Preview: Charlton Athletic

Last Saturday’s win over Peterborough was perhaps the most enjoyable home game of the season. The game itself was a fairly mediocre one that we slightly edged, however, it was the atmosphere brought on by the good weather, legend’s day, and the chance to congratulate our Wembley heroes that made it such a wonderful afternoon.

Already, that’s feeling like a distant memory following the announcement of the season ticket prices this week. Personally, I don’t feel like they’re as scandalous as it’s being made out, but I also appreciate that people making a decision with their own money may feel differently. Regardless of the actual pricing of the tickets, the announcement has seen the battle lines drawn for what’s inevitably going to be a summer of mud-slinging and what could be a really difficult next season ahead.

Possible Line-Up

While the Peterborough game was an opportunity to bask in the sunshine and forget about the reality of the situation we’re in, this Charlton game where they’ll be protests and relegation could be confirmed looks set to serve as a cold, hard dose of reality. For Mark Robins and the players, it’s about displaying that they can cope in a less advantageous atmosphere, potentially having to deal with disruptions to the game, which could be a truer mark of their ability to produce the goods next year.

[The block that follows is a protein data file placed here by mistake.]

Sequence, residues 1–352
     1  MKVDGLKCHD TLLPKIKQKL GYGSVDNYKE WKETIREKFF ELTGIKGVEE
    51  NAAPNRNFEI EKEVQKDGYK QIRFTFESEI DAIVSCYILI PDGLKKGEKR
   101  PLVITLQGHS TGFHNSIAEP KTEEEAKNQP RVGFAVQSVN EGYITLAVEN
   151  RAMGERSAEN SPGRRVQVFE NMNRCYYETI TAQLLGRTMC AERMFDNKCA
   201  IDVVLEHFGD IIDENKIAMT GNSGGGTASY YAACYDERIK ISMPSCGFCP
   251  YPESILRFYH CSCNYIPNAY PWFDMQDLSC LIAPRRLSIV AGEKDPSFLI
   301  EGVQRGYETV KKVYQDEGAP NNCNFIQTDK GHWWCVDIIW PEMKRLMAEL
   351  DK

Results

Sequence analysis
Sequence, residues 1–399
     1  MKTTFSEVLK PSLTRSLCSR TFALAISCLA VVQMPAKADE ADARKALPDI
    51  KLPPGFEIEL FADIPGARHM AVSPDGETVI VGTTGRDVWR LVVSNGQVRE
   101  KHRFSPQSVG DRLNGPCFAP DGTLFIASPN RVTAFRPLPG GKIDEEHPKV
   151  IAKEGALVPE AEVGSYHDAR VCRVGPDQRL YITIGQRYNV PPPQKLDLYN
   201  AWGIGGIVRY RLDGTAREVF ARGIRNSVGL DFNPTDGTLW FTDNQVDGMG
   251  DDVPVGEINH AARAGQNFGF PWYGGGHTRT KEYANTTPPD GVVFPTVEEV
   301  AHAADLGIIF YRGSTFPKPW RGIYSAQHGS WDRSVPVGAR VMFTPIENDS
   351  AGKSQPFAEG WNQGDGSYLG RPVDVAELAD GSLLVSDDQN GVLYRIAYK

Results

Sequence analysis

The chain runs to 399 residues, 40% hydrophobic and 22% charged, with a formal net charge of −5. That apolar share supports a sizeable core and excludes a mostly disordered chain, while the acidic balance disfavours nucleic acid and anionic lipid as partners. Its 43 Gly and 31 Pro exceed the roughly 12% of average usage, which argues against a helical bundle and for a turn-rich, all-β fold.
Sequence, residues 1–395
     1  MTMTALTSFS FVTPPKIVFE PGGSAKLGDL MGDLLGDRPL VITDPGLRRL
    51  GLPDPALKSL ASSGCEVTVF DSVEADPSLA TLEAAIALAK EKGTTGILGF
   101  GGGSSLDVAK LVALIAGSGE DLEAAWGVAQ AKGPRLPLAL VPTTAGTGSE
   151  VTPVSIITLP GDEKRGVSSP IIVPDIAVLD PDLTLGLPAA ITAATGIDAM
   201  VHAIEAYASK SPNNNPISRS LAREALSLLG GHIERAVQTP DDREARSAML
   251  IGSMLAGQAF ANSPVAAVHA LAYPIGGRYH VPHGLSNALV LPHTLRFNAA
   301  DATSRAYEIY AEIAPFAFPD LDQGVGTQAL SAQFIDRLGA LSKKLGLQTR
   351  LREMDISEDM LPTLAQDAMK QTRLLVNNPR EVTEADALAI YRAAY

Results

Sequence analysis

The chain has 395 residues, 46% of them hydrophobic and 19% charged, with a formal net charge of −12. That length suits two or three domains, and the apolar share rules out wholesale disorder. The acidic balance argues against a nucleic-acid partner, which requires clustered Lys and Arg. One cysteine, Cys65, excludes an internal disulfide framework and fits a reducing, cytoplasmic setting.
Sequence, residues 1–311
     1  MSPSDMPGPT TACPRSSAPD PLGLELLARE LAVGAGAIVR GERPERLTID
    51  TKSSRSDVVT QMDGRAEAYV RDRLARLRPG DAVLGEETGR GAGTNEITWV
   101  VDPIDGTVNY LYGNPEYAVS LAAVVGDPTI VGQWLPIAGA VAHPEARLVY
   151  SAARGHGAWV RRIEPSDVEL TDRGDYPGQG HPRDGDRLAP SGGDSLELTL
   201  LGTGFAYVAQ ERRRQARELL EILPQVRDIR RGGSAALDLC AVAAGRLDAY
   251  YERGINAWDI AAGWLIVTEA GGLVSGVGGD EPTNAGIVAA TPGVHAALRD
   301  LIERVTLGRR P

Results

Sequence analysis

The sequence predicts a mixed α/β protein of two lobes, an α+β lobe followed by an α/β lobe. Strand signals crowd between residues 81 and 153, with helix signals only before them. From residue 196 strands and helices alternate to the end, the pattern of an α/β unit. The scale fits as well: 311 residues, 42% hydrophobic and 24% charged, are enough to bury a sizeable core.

After a hectic list of fixtures in recent weeks, Robins should benefit from having a better rested squad than the past few games. Hopefully, the likes of Jordan Willis, Kwame Thomas and others dealing with minor knocks will be fit enough to enter contention for selection, potentially offering the manager some difficult decisions to make.

With Ruben Lameiras in good form over the past few games, it’s hard seeing even a fit Kwame Thomas taking his berth just behind Beavon in the starting line-up. The main selection quandary could well be whether to hand Jodi Jones a rare start ahead of Kyel Reid, even though the latter has been much-improved under Robins.

Last Time We Met

As I tried to locate the away end at The Valley back in October I heard a mysterious cockney voice utter “beware of flying pigs” darkly into the South London air. Thinking nothing of it other than that Londoners are weird, I took my seat for a game of football that I hoped would kick-start a season that hadn’t exactly gone to plan yet.

That cockney wisdom soon came to make sense when the referee blew his whistle to start the game and pigs did indeed fly (well, fall in style). Point made, the game resumed after a lengthy period where rubber pigs were removed from the pitch by the players and we proceeded to lose 3-0 to a team managed by Russell Slade. In fairness, it wasn’t actually a terrible performance, but we were too weak at the back and lacked the ability to convert possession into goals, however, it was a display that screamed relegation.